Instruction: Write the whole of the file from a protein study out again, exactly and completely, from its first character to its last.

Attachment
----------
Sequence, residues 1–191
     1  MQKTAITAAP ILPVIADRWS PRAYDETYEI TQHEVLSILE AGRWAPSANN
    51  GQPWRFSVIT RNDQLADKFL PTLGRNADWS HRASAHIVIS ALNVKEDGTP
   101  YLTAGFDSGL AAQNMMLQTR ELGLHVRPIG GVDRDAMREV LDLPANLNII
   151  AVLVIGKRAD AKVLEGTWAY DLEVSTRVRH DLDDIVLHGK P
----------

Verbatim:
Sequence, residues 1–191
     1  MQKTAITAAP ILPVIADRWS PRAYDETYEI TQHEVLSILE AGRWAPSANN
    51  GQPWRFSVIT RNDQLADKFL PTLGRNADWS HRASAHIVIS ALNVKEDGTP
   101  YLTAGFDSGL AAQNMMLQTR ELGLHVRPIG GVDRDAMREV LDLPANLNII
   151  AVLVIGKRAD AKVLEGTWAY DLEVSTRVRH DLDDIVLHGK P